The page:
Flying to Paris

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"Who should suppose we had been flying at such a rate, and shall take wing again directly?"

The question was asked by Charles Dickens in an article he wrote about a train trip from London to Paris in 1851.

"...Paris in 11 hours. It is so well done that there really is no hurry," he noted in his story called "The Flight."

Dickens describes the Kentish countryside and his fellow passengers as the South-Eastern Railway Co. train makes its way toward the channel ferries. Once across, passengers boarded another train to Paris.

Today, tourists and business travelers book the Eurostar train from London to Paris and follow nearly the same path as the one Dickens traversed nearly 150 years ago.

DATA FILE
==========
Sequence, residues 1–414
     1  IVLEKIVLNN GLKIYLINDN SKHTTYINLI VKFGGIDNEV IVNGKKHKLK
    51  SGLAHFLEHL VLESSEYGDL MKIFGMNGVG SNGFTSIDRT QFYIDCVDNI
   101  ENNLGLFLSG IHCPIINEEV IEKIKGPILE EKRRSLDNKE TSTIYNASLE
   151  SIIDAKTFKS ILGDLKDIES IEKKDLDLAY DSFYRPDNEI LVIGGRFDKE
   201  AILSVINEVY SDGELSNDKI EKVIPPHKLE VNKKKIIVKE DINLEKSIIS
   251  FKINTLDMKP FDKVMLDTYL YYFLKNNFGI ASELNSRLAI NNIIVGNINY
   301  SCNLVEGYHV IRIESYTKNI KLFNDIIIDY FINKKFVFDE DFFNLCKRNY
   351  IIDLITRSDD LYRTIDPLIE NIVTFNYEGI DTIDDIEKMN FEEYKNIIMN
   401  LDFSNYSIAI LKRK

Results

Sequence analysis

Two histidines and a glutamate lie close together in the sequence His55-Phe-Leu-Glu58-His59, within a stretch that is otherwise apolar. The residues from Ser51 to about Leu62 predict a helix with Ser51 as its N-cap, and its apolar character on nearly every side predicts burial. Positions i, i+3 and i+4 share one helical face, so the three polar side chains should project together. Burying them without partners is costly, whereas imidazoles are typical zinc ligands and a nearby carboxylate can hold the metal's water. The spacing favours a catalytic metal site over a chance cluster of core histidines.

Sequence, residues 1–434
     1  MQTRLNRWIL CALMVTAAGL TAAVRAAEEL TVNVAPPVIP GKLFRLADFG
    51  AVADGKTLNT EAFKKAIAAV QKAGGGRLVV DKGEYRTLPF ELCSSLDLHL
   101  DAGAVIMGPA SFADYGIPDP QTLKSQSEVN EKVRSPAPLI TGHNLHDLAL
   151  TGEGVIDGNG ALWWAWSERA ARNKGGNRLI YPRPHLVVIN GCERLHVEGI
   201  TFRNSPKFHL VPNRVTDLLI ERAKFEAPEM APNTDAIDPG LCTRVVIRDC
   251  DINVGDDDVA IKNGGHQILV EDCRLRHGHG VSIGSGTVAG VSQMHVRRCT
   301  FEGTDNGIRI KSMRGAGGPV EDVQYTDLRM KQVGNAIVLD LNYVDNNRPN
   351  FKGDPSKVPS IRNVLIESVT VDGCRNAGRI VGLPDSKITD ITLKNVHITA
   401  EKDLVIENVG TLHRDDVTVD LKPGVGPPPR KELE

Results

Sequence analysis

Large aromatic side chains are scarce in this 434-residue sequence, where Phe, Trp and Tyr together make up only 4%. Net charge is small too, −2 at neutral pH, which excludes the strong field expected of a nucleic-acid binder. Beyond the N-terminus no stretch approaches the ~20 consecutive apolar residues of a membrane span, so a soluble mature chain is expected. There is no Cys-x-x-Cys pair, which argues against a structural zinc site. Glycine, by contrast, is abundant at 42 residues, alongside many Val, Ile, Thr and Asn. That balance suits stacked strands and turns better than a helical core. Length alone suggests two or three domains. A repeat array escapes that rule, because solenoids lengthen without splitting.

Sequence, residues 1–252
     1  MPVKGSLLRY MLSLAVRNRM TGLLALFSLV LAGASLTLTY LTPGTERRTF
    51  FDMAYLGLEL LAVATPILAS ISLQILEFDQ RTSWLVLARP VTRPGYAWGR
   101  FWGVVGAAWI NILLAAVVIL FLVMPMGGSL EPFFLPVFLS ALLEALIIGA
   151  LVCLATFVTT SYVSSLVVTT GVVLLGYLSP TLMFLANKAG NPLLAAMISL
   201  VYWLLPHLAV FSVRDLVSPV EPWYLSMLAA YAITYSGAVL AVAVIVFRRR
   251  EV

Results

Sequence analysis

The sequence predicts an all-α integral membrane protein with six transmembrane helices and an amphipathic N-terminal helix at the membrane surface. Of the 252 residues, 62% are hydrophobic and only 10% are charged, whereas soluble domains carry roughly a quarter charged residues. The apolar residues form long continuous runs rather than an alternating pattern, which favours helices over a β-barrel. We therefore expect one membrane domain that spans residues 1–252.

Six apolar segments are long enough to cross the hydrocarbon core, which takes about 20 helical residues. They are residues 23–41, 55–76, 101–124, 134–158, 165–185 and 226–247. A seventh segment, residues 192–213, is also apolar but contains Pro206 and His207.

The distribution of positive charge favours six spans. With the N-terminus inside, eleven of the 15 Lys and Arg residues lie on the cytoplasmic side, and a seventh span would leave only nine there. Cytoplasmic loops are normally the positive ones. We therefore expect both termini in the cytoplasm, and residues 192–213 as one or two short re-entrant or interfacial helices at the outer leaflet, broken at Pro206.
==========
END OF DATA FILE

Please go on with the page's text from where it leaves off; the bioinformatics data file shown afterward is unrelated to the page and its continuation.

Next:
On the English side, Eurostar is not exactly high speed. In fact, it is almost comical to experience the difference between the rails on either side of the channel; smooth and sleek on the French side, click-clack on the English.

Fortunately, the scenic landscape of Kent still lends itself nicely to the slower pace.

That pace, however, will become a thing of the past.

The British government announced that its bond issue to finance a high-speed rail link between London and the coast raised $2.8 billion -- enough to start the project and to begin doling out maintenance contracts.

Once completed in 2006, the link will shave time off the current three-hour journey between the capital cities.

You gotta wonder what Dickens would say to that.

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